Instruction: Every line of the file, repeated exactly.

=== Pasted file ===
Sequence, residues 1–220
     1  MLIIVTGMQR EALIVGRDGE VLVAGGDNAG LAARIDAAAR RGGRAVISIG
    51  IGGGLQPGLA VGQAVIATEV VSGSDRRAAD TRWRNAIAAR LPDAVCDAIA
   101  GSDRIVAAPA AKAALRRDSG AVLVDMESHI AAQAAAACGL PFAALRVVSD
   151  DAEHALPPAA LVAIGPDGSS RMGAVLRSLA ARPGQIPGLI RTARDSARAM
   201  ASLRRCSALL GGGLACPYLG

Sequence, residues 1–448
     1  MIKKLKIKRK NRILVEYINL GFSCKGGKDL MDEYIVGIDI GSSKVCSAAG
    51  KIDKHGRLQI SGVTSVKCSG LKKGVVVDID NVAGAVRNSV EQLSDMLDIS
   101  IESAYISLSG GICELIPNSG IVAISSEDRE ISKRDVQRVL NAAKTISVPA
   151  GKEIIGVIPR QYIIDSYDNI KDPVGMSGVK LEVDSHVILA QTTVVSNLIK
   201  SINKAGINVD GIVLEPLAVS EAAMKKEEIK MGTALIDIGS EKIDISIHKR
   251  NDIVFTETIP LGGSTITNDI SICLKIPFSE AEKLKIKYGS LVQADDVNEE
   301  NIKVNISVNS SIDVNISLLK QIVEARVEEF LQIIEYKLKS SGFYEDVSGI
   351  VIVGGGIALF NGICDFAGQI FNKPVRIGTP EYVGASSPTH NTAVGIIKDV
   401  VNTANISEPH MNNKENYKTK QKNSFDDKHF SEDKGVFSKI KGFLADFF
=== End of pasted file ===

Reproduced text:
Sequence, residues 1–220
     1  MLIIVTGMQR EALIVGRDGE VLVAGGDNAG LAARIDAAAR RGGRAVISIG
    51  IGGGLQPGLA VGQAVIATEV VSGSDRRAAD TRWRNAIAAR LPDAVCDAIA
   101  GSDRIVAAPA AKAALRRDSG AVLVDMESHI AAQAAAACGL PFAALRVVSD
   151  DAEHALPPAA LVAIGPDGSS RMGAVLRSLA ARPGQIPGLI RTARDSARAM
   201  ASLRRCSALL GGGLACPYLG

Sequence, residues 1–448
     1  MIKKLKIKRK NRILVEYINL GFSCKGGKDL MDEYIVGIDI GSSKVCSAAG
    51  KIDKHGRLQI SGVTSVKCSG LKKGVVVDID NVAGAVRNSV EQLSDMLDIS
   101  IESAYISLSG GICELIPNSG IVAISSEDRE ISKRDVQRVL NAAKTISVPA
   151  GKEIIGVIPR QYIIDSYDNI KDPVGMSGVK LEVDSHVILA QTTVVSNLIK
   201  SINKAGINVD GIVLEPLAVS EAAMKKEEIK MGTALIDIGS EKIDISIHKR
   251  NDIVFTETIP LGGSTITNDI SICLKIPFSE AEKLKIKYGS LVQADDVNEE
   301  NIKVNISVNS SIDVNISLLK QIVEARVEEF LQIIEYKLKS SGFYEDVSGI
   351  VIVGGGIALF NGICDFAGQI FNKPVRIGTP EYVGASSPTH NTAVGIIKDV
   401  VNTANISEPH MNNKENYKTK QKNSFDDKHF SEDKGVFSKI KGFLADFF